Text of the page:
Latest posts by Bernadette Carreon (see all)
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- Tuna commission adopts Pacific proposal to increase port inspections of suspect fishing boats - 10 December 2017
United States continuing efforts to strengthen maritime domain awareness in the region will bring benefits to Palau’s work to combat illegal, unreported, and undetected fishing, one of the lingering challenges in policing the island-nation’s marine sanctuary.
US and Palau are discussing installing five Maritime Domain Awareness (MDA) radar stations on the island nation.
Palau’s Vice President Raynold Oilouch said the sites identified for MDA are Kayangel, Ngardmau, Angaur, Sonsorol and Helen Reef.
Palau is obligated to provide lands to the US for defense and security purposes.
Discussions with landowners on the use of the land are still ongoing.
However some of the areas identified are private properties, which requires discussions with the landowners.
According to Palau President Tommy Remengesau Jr, the radar system will enhance Palau’s surveillance and enforcement capabilities especially its Palau National Marine Sanctuary.
“The radar systems will enhance Palau’s maritime law enforcement capability in its territorial waters and exclusive economic zone while also providing the United States with greater air domain awareness for aviation safety and security,” stated the August 21 joint statement from the US and Palau.
The radar installation is also expected to increase employment opportunities for Palauan citizens to construct and operate the sites. There will also be training for Palauan officials to interpret and make use of the collected maritime data.
Remengesau highlighted that the radar will help with effective enforcement, surveillance and protection of the marine sanctuary especially from illegal, unregulated and unlicensed (IUU) fishing activities.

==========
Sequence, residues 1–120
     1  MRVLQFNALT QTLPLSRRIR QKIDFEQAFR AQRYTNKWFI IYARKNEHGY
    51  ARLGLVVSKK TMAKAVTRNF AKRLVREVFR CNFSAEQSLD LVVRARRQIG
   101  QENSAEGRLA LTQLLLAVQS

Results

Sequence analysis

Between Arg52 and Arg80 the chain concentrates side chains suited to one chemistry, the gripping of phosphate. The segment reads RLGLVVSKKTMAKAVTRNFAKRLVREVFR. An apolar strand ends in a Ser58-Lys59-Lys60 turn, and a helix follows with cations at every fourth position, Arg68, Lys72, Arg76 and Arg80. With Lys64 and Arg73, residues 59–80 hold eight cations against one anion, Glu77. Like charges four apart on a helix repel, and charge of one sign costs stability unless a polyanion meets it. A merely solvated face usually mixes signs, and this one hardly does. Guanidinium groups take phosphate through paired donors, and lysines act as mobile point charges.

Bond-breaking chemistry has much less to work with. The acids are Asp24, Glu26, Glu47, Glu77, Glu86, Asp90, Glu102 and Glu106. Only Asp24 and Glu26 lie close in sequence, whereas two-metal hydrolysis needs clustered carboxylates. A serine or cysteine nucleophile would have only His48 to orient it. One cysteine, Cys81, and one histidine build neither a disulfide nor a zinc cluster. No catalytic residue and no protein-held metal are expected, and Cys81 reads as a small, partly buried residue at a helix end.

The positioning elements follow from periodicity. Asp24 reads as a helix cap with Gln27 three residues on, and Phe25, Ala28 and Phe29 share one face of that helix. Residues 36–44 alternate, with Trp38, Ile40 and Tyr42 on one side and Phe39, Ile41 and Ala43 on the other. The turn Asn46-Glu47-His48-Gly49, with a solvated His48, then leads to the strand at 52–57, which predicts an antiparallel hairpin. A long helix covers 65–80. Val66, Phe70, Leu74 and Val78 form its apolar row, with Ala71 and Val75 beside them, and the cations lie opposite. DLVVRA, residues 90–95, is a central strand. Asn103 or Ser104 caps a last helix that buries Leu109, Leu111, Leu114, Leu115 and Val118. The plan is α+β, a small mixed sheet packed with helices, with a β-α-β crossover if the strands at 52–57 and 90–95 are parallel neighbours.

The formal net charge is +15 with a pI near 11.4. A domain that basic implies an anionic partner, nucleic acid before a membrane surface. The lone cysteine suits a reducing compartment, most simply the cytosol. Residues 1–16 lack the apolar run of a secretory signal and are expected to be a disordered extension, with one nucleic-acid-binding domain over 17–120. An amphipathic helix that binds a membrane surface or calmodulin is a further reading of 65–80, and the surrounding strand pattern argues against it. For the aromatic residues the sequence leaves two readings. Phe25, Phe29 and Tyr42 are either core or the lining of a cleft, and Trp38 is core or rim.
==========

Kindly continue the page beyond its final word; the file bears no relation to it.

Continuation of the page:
Remengesau said the radar would also help better protect the region from any incursions from the sea or air.
The Palau government will operate the MDA systems. Along with this, the US has also offered to fund the aerial surveillance valued at $300,000 for two years.
The US under the Compact of Free Association in Palau is responsible for the island-nations’ defense.
Keobel Sakuma, Executive Director of the Palau Marine Sanctuary said that its five-year monitoring, control, and surveillance (MCS) plan released by the office in 2016, includes detailed plans to fight illegal activities and manage emergency responses in its marine sanctuary. The plan recommends possible technologies to enhance Palau’s capability to combat illegal activity in its waters and establish a Southwest Islands Support facility.
“This region of Palau’s EEZ/Marine Sanctuary is largely uncontrolled and represents a significant fraction of the total protected area,” the plan states.
Palau faces between 50 and 100 incursions a year by pirate vessels working across a vast expanse of ocean, according to the Minister of Natural Resources, Environment and Tourism talking at a work port state measure workshop on August 28.